annual training requirement refers to calendar year from January 1 December 31 of each year beginning 2013 The training does not have to be recently created but must contain updated information. [CEO 13-15] 6 Article II, Section 8, Florida Constitution Ethics in Government A public office is a public trust. The people shall have the right to secure and sustain that trust against abuse. To assure that right: (a) All elected constitutional officers and candidates for such offices and, as may be

determined by law, other public officers, candidates, and employees shall file full and public disclosure of their financial interests. (b) All elected public officers and candidates for such offices shall file full and public disclosure of their campaign finances. 7 (c) Any public officer or employee who breaches the public trust for private gain and any person or entity inducing such breach shall be liable to the state for all financial benefits obtained by such actions. The manner of recovery and additional damages may be provided by law. (d)

Any public officer or employee who is convicted of a felony involving a breach of public trust shall be subject to forfeiture of rights and privileges under a public retirement system or pension plan in such manner as may be provided by law. 8 (e) No member of the legislature shall personally represent another person or entity for compensation during term of office before any state agency other than judicial tribunals. Similar restrictions on other public officers and employees may be established by law. (f) There shall be an independent commission to conduct investigations and make public reports on all complaints concerning breach of public trust by public officers or employees not within the jurisdiction of the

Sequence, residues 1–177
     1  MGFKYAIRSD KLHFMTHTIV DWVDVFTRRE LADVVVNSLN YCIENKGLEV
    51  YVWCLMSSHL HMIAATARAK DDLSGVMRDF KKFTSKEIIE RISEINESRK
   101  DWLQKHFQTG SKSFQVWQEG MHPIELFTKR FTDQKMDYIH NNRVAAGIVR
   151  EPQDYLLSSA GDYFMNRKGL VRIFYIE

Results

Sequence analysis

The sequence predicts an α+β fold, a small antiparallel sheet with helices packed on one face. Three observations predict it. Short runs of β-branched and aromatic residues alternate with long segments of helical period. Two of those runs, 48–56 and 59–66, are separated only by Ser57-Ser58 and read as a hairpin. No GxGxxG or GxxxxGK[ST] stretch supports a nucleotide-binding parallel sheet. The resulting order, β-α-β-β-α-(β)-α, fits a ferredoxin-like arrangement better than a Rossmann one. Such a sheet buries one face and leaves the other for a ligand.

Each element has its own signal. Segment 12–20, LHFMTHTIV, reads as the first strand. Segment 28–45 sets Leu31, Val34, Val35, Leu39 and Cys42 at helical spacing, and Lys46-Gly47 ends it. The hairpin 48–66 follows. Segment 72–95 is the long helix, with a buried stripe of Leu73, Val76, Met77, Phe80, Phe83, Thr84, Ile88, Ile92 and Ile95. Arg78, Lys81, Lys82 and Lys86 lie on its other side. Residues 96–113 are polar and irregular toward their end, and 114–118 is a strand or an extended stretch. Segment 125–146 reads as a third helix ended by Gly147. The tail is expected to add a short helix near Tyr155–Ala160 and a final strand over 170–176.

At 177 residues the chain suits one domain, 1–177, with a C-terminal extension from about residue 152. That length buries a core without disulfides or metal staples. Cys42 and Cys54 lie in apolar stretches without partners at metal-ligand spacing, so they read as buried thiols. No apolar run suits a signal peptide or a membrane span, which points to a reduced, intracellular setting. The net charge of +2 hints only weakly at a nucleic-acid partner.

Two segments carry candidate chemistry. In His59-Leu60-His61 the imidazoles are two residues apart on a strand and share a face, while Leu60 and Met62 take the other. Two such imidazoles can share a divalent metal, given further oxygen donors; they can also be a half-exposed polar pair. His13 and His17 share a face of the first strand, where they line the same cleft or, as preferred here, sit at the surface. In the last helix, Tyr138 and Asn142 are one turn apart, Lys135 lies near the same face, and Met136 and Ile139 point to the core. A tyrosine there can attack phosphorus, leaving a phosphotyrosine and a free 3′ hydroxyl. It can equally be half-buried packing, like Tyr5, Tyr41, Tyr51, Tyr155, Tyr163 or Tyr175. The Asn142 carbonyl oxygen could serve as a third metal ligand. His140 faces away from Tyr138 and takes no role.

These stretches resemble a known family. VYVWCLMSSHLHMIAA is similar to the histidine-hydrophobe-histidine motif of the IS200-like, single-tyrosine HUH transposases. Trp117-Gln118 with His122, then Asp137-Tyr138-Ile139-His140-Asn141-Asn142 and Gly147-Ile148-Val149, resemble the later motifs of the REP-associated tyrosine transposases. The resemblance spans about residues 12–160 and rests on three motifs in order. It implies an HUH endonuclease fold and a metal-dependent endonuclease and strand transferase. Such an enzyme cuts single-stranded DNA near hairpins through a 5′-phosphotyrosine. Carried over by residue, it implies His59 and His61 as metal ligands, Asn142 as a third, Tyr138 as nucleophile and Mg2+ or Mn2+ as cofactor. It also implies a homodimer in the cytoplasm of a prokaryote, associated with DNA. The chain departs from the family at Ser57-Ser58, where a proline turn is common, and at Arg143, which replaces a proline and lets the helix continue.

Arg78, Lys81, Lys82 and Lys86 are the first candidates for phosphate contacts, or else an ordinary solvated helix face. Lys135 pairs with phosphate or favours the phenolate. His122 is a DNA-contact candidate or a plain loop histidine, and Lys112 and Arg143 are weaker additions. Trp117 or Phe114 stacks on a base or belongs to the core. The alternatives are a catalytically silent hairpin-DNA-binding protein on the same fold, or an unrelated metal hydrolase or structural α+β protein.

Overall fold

judicial qualifications commission. (g) A code of ethics for all state employees and nonjudicial officers prohibiting conflict9 (h) This section shall not be construed to limit disclosures and prohibitions which may be established by law to preserve the public trust and avoid conflicts between public duties and private interests. (i) Schedule--On the effective date amendment and until changed by law: of this (1) Full and public disclosure of financial interests shall mean filing with the secretary of state by July 1 of each year a sworn